By 8:35 she is in her office meeting with an in house computer systems designer. They are trying to trace how a vendor was incorrectly paid over $60,000 for work that was never done, and was charged to her budget without her authorization. This search is a clandestine operation, and they are both obviously enjoying the intrigue, while seriously considering solutions to the problem.
remainder of her morning is spent preparing materials for
the afternoon meeting, deciding on the appropriate
information to ask the controller to put in new reporting
forms, based upon a five inch stack of reports Sara has
recently reviewed. The forms have sticky notes on many
pages. She hurries thru this work and tries to clear some of
her stacked up e-mail as well.
Sara is frustrated because her time is being eaten up managing a dispute between two of her staff members. She has ordered them to stop sending e-mails tattling on each other. Gossip about this "negativity" is further disrupting the operation of her team. The trust level is low and Sara complains that "people don't believe each other's numbers" and redo work unnecessarily. As she works, door open, people frequently drop in to ask a question or pass on information.
As I watch Sara work, I see that she has the ability to scan large amounts of information for patterns and discrepancies, and is very involved (perhaps over- involved) in intimate details of the work of her department. Later, in individual meetings with her staff, this impression is confirmed. Sara is seen as "one of the best communicators I have ever had for a boss," "the best boss I have ever had," "doesn't delegate enough," "gets more done than anyone I have ever seen," "works too long and too hard," "does too much herself," and "allows too much negativity among the staff." Angela, identified as source of the negativity, is unwilling to meet with me.
At 3:20 Sara returns from the meeting with a major new assignment: to prove to the CEO that a new way of distributing the caseload among case managers in the field will be effective. As she eats her bag lunch at her conference table, her boss comes in to inform her that her voice mailbox is full. Her secretary has not been in at all and she is swamped. While she eats, she thinks aloud about the implications of the new assignment, and I share the feedback from her staff.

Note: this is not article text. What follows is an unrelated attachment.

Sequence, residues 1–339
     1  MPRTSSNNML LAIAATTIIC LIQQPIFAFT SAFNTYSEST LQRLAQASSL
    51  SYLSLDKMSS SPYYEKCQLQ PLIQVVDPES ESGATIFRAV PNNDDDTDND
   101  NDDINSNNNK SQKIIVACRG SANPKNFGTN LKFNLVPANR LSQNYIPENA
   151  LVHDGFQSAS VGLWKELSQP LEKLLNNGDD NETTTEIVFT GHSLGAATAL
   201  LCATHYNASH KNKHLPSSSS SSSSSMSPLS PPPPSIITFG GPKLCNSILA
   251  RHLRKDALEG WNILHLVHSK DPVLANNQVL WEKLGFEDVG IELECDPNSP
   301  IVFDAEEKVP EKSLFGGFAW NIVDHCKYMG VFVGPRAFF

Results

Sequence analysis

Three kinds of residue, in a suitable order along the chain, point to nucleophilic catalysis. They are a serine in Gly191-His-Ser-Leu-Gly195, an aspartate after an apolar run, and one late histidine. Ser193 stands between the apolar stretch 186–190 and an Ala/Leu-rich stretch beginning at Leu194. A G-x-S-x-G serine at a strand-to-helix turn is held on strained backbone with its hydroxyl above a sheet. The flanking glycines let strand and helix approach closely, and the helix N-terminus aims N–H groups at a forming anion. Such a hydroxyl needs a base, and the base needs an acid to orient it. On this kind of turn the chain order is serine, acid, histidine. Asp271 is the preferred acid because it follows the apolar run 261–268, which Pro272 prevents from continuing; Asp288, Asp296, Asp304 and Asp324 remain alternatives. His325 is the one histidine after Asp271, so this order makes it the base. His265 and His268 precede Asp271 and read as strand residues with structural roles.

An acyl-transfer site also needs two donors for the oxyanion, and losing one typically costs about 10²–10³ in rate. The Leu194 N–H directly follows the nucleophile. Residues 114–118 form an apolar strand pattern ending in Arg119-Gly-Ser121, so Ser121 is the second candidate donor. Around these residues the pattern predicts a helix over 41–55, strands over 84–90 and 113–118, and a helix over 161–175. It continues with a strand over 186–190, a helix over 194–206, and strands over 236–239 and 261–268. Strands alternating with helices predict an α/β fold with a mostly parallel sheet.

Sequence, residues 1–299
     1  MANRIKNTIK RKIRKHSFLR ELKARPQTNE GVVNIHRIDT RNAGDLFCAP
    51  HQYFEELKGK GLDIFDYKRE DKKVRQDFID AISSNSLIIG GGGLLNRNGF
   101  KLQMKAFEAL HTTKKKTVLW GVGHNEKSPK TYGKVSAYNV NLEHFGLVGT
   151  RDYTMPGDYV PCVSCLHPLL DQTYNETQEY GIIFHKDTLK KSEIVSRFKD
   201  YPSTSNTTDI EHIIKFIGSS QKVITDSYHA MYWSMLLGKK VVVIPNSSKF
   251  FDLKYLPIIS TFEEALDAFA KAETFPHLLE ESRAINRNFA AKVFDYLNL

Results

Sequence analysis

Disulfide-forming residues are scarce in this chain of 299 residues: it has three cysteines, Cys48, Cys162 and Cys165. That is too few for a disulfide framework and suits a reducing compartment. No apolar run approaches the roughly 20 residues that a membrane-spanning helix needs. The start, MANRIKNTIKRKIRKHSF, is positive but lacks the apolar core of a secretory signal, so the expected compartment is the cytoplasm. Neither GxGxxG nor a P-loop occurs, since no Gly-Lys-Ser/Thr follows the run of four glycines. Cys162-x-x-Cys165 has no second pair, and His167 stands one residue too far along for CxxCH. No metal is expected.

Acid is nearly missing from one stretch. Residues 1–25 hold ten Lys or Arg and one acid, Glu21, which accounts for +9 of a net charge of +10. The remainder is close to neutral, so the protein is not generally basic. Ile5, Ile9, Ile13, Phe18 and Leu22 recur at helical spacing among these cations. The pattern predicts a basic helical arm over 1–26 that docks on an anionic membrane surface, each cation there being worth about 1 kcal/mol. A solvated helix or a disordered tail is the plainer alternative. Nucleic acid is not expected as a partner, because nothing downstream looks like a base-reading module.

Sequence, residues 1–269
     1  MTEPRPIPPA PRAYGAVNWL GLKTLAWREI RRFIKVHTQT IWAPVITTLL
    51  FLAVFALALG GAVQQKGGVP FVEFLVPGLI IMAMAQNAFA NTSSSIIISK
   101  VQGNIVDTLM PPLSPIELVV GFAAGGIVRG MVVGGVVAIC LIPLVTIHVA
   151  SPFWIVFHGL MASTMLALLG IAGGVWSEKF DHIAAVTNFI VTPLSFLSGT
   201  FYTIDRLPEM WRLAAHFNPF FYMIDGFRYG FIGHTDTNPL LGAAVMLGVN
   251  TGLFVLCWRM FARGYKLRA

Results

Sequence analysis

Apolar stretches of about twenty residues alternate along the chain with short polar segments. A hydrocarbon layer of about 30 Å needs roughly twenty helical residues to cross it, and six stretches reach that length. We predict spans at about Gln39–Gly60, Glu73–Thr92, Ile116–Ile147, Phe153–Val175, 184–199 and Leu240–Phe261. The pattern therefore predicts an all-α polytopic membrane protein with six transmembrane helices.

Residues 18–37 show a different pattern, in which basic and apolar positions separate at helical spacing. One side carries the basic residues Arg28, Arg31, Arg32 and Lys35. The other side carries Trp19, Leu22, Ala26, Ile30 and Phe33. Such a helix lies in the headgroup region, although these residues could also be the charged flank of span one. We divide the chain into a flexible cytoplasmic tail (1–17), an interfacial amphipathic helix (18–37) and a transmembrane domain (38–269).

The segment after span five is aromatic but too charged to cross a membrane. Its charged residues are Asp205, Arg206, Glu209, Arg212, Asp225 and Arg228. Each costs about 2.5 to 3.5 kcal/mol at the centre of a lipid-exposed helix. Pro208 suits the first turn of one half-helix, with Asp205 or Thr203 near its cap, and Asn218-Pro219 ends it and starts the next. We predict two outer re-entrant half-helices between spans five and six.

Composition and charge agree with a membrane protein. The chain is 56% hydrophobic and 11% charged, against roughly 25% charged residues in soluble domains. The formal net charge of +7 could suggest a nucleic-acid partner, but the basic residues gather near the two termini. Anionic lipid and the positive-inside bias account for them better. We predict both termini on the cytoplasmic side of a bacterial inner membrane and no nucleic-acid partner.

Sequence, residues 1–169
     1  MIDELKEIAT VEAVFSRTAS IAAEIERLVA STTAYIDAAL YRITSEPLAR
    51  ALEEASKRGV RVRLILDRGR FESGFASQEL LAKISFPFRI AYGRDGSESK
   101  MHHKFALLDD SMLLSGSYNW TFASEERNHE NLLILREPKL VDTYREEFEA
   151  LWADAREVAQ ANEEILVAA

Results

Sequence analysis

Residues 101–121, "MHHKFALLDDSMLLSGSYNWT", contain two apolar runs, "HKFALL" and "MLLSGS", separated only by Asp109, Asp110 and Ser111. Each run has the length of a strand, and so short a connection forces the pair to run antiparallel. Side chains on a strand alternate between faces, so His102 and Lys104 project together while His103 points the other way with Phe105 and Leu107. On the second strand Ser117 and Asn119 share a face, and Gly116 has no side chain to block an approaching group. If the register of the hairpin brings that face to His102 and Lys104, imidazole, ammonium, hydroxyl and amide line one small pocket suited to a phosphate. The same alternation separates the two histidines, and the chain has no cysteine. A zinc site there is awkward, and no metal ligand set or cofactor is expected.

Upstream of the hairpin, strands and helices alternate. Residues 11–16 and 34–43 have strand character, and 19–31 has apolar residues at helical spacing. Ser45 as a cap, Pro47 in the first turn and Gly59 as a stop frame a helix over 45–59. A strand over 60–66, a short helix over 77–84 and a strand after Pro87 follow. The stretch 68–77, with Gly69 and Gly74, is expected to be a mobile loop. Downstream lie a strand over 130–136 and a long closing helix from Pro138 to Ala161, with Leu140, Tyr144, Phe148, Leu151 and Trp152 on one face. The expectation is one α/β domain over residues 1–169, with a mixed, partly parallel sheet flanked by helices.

At 4:30 she is deep in voice mail and damage control. She has heard a rumor that Angela has complained to the HR department about being asked to talk with me, and checks with HR to see if there is a problem. There isn't. She discusses training schedules with one regional manager and a personnel problem with another. She sends a voice-mail to other staff members warning them not to panic about today's meeting with the CEO--all will be explained on a conference call at 9 a.m. tomorrow. She learns that her secretary has had a family emergency and won't be in, and that one manager who called in sick worked anyway.
When she hears an appreciative voice mail message from a staff member, Sara tells me she feels angry to have her time wasted "when there isn't any problem," and wishes they would all "leave me alone." I sympathize. There is way too much to do, and she is trying to do it all. I point out that her team has learned that the way to get her attention is to have problems, because that is what she responds to. I suggest that changing the pattern -- to stroke for good things -- might help alleviate the pressure she feels. I predict that if she gives more "thank you's" she will have fewer problems.
I know she understands intellectually that other people process information differently than she does. She is extremely quick, and their need to assimilate and process is emotionally frustrating. I listen to her frustration, and ask her to try to step into their shoes and perceive the world from their perspective. It is a useful exercise. I also suggest that she tape-record her random thoughts on her hour plus drive home. We end the day at 5:45 with plans for me to join her 7 a.m. breakfast meeting sometime after it starts. It is ONLY Monday!
Tuesday: The Normal Day Tuesday is a "normal"day, with nonstop meetings from 7 to 11 a.m. One meeting is clearly enjoyable, getting information and signing off on parts of a developing software program. Another is almost purely informational, a conference call with Sara's staff in five states and with her boss, Dan, and his boss, Janice. I know Sara has had great difficulty relating with Janice, but under these circumstances, Janice seems like just another hard working executive trying to do a good job. The last meeting is cross-team conference about servicing a major customer.
I then discover that Sara has already implemented my suggestions from yesterday. Her secretary is working with the tape Sara made in the car, and she told me about the calls she made from her car phone acknowledging people's successes. At lunch we discuss the personal sensitivities that may be contributing to her difficulty with Janice. The remainder of the day is spent in back-to-back meetings and phone calls, including a discussion with a corporate statistician about how to set up the research project.